Real estate professionals express optimism for the housing market, economy and their own personal success as they start a new year…
Inventory remains scarce, home prices have the average buyer sweating, a new tax code could cause a stir and politicians are clamoring away in Washington. Yet it’s hard to fret too much when business is booming in what experts are saying could become the longest economic expansion since WWII.
As we start a new year, that’s the sentiment shared among many real estate professionals, who overwhelmingly reported optimism (with some notes of caution) for both the 2018 economy and housing market, a new Inman survey reveals.
Of the 653 economists, developers, agents and owners who participated in Inman’s annual Industry Outlook survey in December, a vast majority — more than 71 percent — stated they were optimistic about the economy going into the new year — a 1 percent increase from the year prior.
“The pent-up desire to spend is again palpable,” commented a New Hampshire broker who reported being “extremely optimistic” about the 2018 housing market, economy and his own personal success next year.
“The banks may successfully lobby to have Congress enact sweeping changes to the CFPB. People are working and spending. I interpret this as a sign of the business pendulum beginning to swing in the direction of irrational exuberance,” he said.
At odds with the positive outlook, however, are rising fears tied to global events, like an intensifying conflict with North Korea and darkening views on how President Trump would impact the housing market, which shifted markedly from a 2017 Inman industry survey.
“Local conditions seem to be positive for strong economy if geo-political events don’t crash into us too harshly,” wrote a Windermere agent in Seattle, who also reported having some concerns about emerging global events but remained on the fence on Trump’s impact.
A bird’s-eye view
Nearly a year after taking office, Trump continues to polarize. But even among his detractors, the commander-in-chief’s outsized personality hardly matters in light of unflappable economic conditions, which have only improved over the past 12 months, many respondents insisted.
Among participants, 30 percent reported being “extremely optimistic” about the economy, and another 41 percent reported being “somewhat optimistic.” Only 2.6 percent reported being “extremely pessimistic,” a 1.3-percent drop from last year, just before Trump took office.
Similarly, 28 percent of respondents reported being “extremely optimistic” about the 2018 housing market, and another 43 percent reported being “somewhat optimistic.” Only 1.9 percent reported being “extremely pessimistic,” a 1.6-percent decrease from last year’s survey.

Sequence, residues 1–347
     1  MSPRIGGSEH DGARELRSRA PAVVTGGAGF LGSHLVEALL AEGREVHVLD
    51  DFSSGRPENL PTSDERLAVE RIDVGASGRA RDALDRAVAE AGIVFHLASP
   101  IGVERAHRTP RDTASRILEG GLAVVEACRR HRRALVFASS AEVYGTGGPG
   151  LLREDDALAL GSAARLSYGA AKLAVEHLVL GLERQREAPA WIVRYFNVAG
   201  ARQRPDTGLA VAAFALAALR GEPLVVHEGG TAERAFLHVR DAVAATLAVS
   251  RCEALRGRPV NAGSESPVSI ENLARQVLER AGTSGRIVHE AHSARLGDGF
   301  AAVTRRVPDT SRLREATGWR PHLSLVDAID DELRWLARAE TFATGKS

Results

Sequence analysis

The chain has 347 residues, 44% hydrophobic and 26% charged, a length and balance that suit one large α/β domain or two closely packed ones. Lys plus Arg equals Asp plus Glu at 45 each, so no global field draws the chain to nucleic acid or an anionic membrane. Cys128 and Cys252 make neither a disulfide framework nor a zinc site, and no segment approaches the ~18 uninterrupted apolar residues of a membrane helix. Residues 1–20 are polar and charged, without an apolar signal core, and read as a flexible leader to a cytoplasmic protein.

Among those who reported feeling optimistic about 2018, low interest rates, high demand and robust economic conditions were all cited as reasons to be hopeful, even as uncertainty persists.
“Inventory is low,” said one agent, who also reported holding a negative view of the new tax reform laws while simultaneously harboring goodwill for the president. “Interest rates did not rise over the last two years as predicted. I think this is the most normal the market has been in years. We are back where we were in 2006 as far as values are concerned nationwide.”
Editor’s Note: This survey closed before the final version of the tax bill was released with provisions capping mortgage interest deductions for primary and secondary residences at $750,000 (down from $1 million today), while capping state and local tax deductions (SALT) at $10,000.
In spite of the rosy outlook, respondents were torn on how Trump would impact the housing market next year, with 39 percent anticipating a negative impact and 30 percent a positive impact. An additional 16 percent said he would have no impact on the housing market, and 14 percent admitted that they were undecided.
The numbers veered significantly from 2017, when 52 percent of respondents anticipated a positive impact resulting from Trump taking office, and only 16 percent a negative one.
“With a pro-business agenda, the economy will be stronger, in turn the housing market should improve,” wrote one broker, who echoed other respondents giving Trump high marks.
A marketing manager, who cited “Donald Trump” as a reason for expected business success in the new year and the source of his fears in 2018, said the president would have a negative impact on the housing market due to his “looming impeachment and criminal prosecution.”
Personal success and expansion in the new year
In terms of personal success in the new year, respondents were overwhelmingly confident, with 52 percent reporting “extreme optimism” in their own business dealings in 2018 and another 34 percent saying they were “somewhat optimistic” about their odds of success. The number of people reporting optimism from 2017 to 2018 rose modestly, by less than a percentage point.
Less bullish but no doubt optimistic, 65 percent of respondents claimed they had plans to expand their business in 2018, down from 71 percent a year earlier. Less than 2 percent said they had plans to contract their business in the new year, and 33 percent reported no plans for change.